Saw this movie today on the BBC news website: The World's Smallest Movie. It's made using the scanning tunnelling microscope - a close relative ('the parent') of the atomic force microscope. Each 'ball' is a carbon atom that is moved around on a copper surface. The BBC website also uses 'the diameter of a human hair', again, as a length comparison: 1000 frames (images) would span a hair's width. ~James
Using the literal/self model, which has its restrictions, proposed in a previous blog entry to aid/classify the interpretation process, I thought about some possible artworks that could be produced - mainly at the literal ('science-end') of the spectrum of interpretations. I might have a go at some of these myself using the micrographs directly or by manipulating photographs. The ideas are listed below. They may also serve to give further inspiration to others; I haven't really thought about the 'self-type' interpretations, although some of these ideas may provide pointers to this realm.
I was in Waterstones bookshop today and a book caught my eye: 'Graphic design rules. 365 Essential design do's and don'ts' by P. Dawson et al. Rule number 178 stood out to me: 'Thou shalt remember that people like bright things - brown is not exciting.' It made me laugh because the default palette for AFM images is brown. All the hair images I gave out last week to the TAG members were brown.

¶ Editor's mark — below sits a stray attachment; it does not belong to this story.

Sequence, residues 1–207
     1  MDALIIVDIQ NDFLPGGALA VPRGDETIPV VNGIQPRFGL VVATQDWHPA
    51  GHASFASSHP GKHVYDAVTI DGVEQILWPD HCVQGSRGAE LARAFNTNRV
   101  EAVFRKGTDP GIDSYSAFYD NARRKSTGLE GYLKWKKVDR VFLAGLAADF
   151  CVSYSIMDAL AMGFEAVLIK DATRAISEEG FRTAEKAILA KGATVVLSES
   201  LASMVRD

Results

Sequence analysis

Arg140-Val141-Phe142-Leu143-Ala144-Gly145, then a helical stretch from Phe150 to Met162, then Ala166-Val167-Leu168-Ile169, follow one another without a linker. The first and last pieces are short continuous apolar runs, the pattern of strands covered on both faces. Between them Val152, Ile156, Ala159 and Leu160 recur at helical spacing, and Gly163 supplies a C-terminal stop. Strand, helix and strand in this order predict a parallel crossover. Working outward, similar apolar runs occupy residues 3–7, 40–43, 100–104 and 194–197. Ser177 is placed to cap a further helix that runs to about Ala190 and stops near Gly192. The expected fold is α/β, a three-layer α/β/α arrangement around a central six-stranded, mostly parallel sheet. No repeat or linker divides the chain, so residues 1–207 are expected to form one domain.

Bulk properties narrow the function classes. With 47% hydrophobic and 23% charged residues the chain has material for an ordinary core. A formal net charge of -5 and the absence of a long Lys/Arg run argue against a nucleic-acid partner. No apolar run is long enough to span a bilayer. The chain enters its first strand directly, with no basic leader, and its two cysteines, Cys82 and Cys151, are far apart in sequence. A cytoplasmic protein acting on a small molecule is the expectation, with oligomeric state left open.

Whilst writing this, my wife reminded me of a lady who rang up to complain about travelling on a brown coach. She returned on a more colourful coach. ~James
Saw this picture on facebook and it reminded me of some 'flythrough' movies of AFM images that University of Bristol did in the mid-1990s. This type of thing is possible since AFM images contain 3D info: length, width and height. Maybe there's some free software 'out there' for doing this now... will investigate. ~James
Mountain Lake, Glendalough, Ireland
Ilaria Vanzulli, a PhD student in the School of Pharmacy of Biomedical Sciences at the University of Portsmouth, produced this comparative image from some of her cell samples. I saw the image on facebook and she agreed that I could share it here. It seemed quite fitting. ~James
(C) Ilaria Vanzulli and Michelangelo
There are many examples of combining art and science/microscope images, some of which I'll post here in due course. The petri dish paintings by Klari Reis and their motivation, however, seem to capture a 'response to science' that I had in mind for the project. In other words, the art is not necessarily trying to reproduce the science (micrographs) using different media, which is interesting in it's own right, but add 'something': in this case, Reis's diagnosis with Crohn's Disease. Having said that, I think 3D accurate models would also be welcome: the other end of the spectrum. No doubt the responses will be varied. ~James
Looking through the University of Swansea 2012 Research as Art competition winners on the Guardian website. Thought the Knitted Protein Model (Josie Parker, College of Medicine) was particularly inspiring. ~James